For me, Tim O'Brien's The Things They Carried is the most powerful book that I have every read and it's the standard against which I judge all things O'Brien. In The Things They Carried, O'Brien plays with nonlinear and fragmented narrative structure, magical realism, and the power of storytelling to capture the visceral truth that telling the real story can't quite capture. For O'Brien, we must sometimes turn to fiction to capture what is "emotionally true" and, in doing so, be less concerned with an objective reality. In a way, If I Die in a Combat Zone makes this point for him. Written 15 years before Things, If I Die is a memoir of Tim O'Brien's experience in the Vietnam War. There is no metafiction razzle-dazzle, but rather a straight-forward, linear narrative that begins when O'Brien is drafted and ends as he boards the Freedom Bird headed toward home. It's powerful stuff, but not nearly as powerful as his fiction work. Despite that, anything by Tim O'Brien is better than almost anything else out there--fiction or non-fiction. Having grown up in the post-World War II glow of American military might, O'Brien grew up in the ask-no-questions patriotic culture of the Midwest. Real men were expected to fight. Real men were supposed to look forward to war. Real men craved the opportunity to serve their country and protect their families. O'Brien doesn't reject these values, but these views are complicated by his natural philosophical inclinations. He questions the nature of bravery, as well as how American intervention in Vietnam is protecting the average American's right to life, liberty, and the pursuit of happiness. In the aftermath, he's left with no certain answers: "Now, war ended, all I am left with are simple, unprofound scraps of truth. Men die. Fear hurts and humiliates. It is hard to be brave. It is hard to know what bravery is. Dead human beings are heavy and awkward to carry . . . Is that the stuff for a morality lesson, even for a theme? . . . Can the foot soldier teach anything important about war, merely for having been there? I think not. He can tell war stories." And that's what O'Brien does in the novel--he tells war stories. He tells of the tedious days of repetition, punctuated by brief bursts of action; he tells of military incompetence and the frustration of not knowing who the enemy is in a land where farmers by day picked up guns at night; he tells of how cruel being sent on R&R was, knowing the brief return to normality would not last. And he does all of this without being preachy; he simply shows us what life was like for the average soldier and leaves us to draw our own conclusions. His language is at once poetic and precise, getting to the heart of all things. No one can capture the peculiar mix of fear, adrenaline fed excitement, and remorse of a soldier's most introspective moments like O'Brien. At one point, O'Brien ruminates on Ernest Hemingway's fascination with war: "Some say Ernest Hemingway was obsessed by the need to show bravery in battle. It started, they say, somewhere in World War I and ended when he passed his final test in Idaho. If the man was obsessed with the notion of courage, that was a fault. But, reading Hemingway's war journalism and his war stories, you get the sense that he was simply concerned about bravery, hence about cowardice, and that seems a virtue, a sublime and profound concern that few men have." It's a concern that permeates all of O'Brien's work and his treatment of it is indeed sublime.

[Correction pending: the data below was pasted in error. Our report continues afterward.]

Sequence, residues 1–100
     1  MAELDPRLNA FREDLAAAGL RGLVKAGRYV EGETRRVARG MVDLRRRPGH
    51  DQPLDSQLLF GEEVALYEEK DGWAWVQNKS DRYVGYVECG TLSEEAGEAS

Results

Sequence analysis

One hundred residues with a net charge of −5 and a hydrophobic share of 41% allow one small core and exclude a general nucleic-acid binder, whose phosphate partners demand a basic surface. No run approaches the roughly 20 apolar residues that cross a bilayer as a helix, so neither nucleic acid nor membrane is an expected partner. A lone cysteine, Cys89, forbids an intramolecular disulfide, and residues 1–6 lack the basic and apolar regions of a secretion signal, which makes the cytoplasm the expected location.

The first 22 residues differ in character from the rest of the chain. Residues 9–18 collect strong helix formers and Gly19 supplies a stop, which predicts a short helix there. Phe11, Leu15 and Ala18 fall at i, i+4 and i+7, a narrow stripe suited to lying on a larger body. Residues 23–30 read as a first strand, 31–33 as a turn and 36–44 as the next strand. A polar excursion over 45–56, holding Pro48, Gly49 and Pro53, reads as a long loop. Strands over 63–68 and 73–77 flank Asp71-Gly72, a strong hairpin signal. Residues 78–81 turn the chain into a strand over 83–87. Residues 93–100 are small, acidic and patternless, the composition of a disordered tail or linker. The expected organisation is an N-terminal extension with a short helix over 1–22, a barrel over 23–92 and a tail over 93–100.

cwhouston on LibraryThing More than 1 year ago